Suffice to say I been through some shit lately, and this blog has been the last thing on my mind. When my thoughts did finally roll around to it, I was afraid of what I might write. I figured my commitment to writing that is real, that is raw and personal, would get me into trouble. Then I remembered at some point that getting in trouble is basically a fake idea, and I looked up and looked around and found myself doing not to bad. Pretty fucking good, actually. Great even. I’ve come home to live with my brother and his housemates, dear friends all. They found me a spot and built a wall, took me in and fed me well, gave me beer. This is a place where meat is smoked, where wine is drank while fires burn. A place where someone says “brisket nachos” and soon they are being made. The sink is always full of dishes, the fridge full of deli cups of mise. There is late night laughing and dogs; a constant roiling mass of fur and barking. Breakfast will sometimes involve ice cream. Things are created for the internet at every turn, smart phones are always out and a subtle finger tapping can be heard late into the night. Vegetables are cultivated in the back yard. The transition into the next phase of my life has been in spite of everything, pretty painless. Except for all the pain of course. But that’s life. And show business. And we all live to fuck it up another day. Thanks to all of those who have been there, you’ve always been there haven’t you? You know who you are. Thanks to my dogs who’ve always kept their tails wagging. Thanks work, my sanctuary, my safe haven; slaving away slanging treats saves me. Thanks to my parents, who love me no matter what. I must be a good person because I am surrounded be good people. Last but certainly not least, thanks to my faithful readers; whom I know hell of represent. Oh yeah and whiskey, can’t forget whiskey.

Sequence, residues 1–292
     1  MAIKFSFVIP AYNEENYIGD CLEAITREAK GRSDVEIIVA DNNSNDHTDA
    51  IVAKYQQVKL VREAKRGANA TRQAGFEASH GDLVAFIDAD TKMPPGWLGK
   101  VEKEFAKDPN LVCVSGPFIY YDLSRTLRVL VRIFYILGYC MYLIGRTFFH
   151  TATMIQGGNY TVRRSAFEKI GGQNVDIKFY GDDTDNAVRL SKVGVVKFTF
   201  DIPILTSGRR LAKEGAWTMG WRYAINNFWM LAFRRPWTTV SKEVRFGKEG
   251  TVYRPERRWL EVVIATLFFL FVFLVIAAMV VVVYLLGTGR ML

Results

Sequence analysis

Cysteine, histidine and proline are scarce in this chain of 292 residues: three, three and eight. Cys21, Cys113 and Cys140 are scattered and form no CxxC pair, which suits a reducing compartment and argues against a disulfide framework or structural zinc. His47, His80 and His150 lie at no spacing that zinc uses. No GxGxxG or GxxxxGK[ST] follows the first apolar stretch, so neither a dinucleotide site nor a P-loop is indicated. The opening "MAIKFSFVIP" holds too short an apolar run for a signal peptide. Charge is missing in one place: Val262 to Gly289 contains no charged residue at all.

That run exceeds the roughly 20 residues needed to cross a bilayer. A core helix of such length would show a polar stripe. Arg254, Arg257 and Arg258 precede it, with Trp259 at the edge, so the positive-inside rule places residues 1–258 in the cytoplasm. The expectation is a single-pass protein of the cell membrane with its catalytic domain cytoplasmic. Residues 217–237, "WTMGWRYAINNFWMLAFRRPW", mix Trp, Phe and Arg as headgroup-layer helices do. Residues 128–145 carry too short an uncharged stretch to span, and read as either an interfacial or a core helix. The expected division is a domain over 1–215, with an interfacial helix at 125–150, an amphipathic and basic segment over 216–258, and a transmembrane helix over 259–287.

Why do you lose, ladies; you might be asking? Well that’s because my skinny ass is officially off the market. The love of my life said “I do, ” and I said it back in a dream-like setting. We danced our asses off with friends and family, there were over a million pictures taken and I was in some of them. All kidding aside; my wedding day was surreal, like a fantasy. My Dad officiated, making it both special and intimate. I also knew any promise I made in front of him, I’d better mean it. I can’t recall all the best things that were said this once-in-a-life-time day, all the special moments that transpired. I did walk away with a beautiful wife, and I did fart on the wedding cake. My best men gave heart-warming speeches to which I could only reply with silly tears, my friends and family showed such generosity in the giving of gifts that I can hardly stand it. At one point during the night, I looked around at all the faces, the people. Suddenly the air rushed out of my lungs, my vision blurred at the edges (more tears,) and I was amazed. Simply amazed at the gathering of awesomeness that had rallied to celebrate the union of me and my best good friend. After all the build up and anticipation and nervousness, it was a no-brainer. When I saw my long time girlfriend then fiancee almost wife walking down the isle with her dad, I knew I was set for life. From here on out, it was all just details.